Jonathan expressed an interest in the church whose humanitarian efforts (at that point) had helped people in 137 countries. Diane answered his questions as best she could, occasionally sending him articles from church publications concerning Ghana. She also sent him a copy of scriptures, with her testimony written inside the front cover.

Knowing how destitute Jonathan’s family must be, Diane and her husband, Calvin, began sending care packages or occasionally wiring money. One time they sent eight jogging suits, one for each member of Jonathan’s family, placing a five dollar bill in the pocket of each suit. Later, they learned that $40 paid for one semester of school for Jonathan.

In 2004, Diane and Calvin answered a call to serve in the Canada Vancouver LDS Mission as an office couple. As part of Diane’s duties, she transferred referrals to other missions. It dawned on her that she could send a referral to the Ghana Accra Mission for Jonathan and his family, giving a local landmark as there were no telephones or addresses in their region. Though the family lived outside the mission boundaries, special arrangements were made to contact them.

Several months later, Diane received a letter from Jonathan, which included a picture of his family and a dozen other people, including two American missionaries. The letter read, “Through your efforts, the missionaries have found their way here at last. They arrived on the 22 of August and came back the next day. We had supper together with my family and later on in my house a lot of people from the neighborhood joined us to listen to them teach about the church.”

It was easy for the missionaries to recognize which were members of Jonathan’s family: they were all wearing San Juan Bronco baseball caps Calvin and Diane had sent them. The Amankwah family had already read the copy of the scriptures Diane sent Jonathan, before the missionaries found them, and they all wanted to be baptized. In October all eight of the family, plus five others, were baptized in a river by their home.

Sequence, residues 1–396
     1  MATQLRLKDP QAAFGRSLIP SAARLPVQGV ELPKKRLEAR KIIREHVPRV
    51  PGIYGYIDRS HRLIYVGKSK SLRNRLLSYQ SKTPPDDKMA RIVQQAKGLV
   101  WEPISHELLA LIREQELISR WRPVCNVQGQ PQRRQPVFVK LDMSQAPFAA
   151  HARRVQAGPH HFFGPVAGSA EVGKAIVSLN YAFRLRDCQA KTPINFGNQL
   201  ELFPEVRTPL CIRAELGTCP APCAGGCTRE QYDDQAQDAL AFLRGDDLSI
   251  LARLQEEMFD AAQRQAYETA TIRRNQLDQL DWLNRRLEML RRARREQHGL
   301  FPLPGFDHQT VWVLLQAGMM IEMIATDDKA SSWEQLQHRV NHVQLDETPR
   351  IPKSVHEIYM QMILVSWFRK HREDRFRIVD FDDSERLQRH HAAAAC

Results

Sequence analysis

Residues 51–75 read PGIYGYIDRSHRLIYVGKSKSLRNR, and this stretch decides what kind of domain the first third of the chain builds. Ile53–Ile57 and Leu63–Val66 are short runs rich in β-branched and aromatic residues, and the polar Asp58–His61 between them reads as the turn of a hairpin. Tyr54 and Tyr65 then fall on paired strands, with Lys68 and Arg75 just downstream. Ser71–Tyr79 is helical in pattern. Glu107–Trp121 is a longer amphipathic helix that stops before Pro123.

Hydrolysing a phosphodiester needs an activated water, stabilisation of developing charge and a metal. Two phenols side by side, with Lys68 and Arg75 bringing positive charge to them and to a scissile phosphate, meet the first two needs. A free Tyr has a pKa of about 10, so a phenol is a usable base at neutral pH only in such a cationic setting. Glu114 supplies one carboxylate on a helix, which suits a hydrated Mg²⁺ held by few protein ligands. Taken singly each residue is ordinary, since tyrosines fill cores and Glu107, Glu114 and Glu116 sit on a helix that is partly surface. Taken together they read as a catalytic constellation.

A year later, a church congregation was created in Nkawkaw, with 85 members and 35 investigators. Jonathan’s father was made the first counselor; he was made the branch president several years later. On July 28, 2007, Jonathan received a mission call to the Nigeria Enugu Mission. To date, seven young men from that branch have served missions of their own, including Jonathan and his two younger brothers. The congregation continues to grow.

Jonathan is currently attending the university in Tarkwa, receiving aid from the Perpetual Education Fund of the LDS Church, as well as support from the Balch family. He is on track to graduate in 2014.

When the meeting was held in the Monticello Stake Center 15 years ago, Garry Flake told the congregation, “The little quilt that someone has tied here in Monticello will become an heirloom for generations to come for someone in North Korea.”

That may well be true—and perhaps someday a story to that effect will surface—but for now, the legacy of the one quilt that found its way to Ghana demonstrates how incredibly powerful the gift of love can be.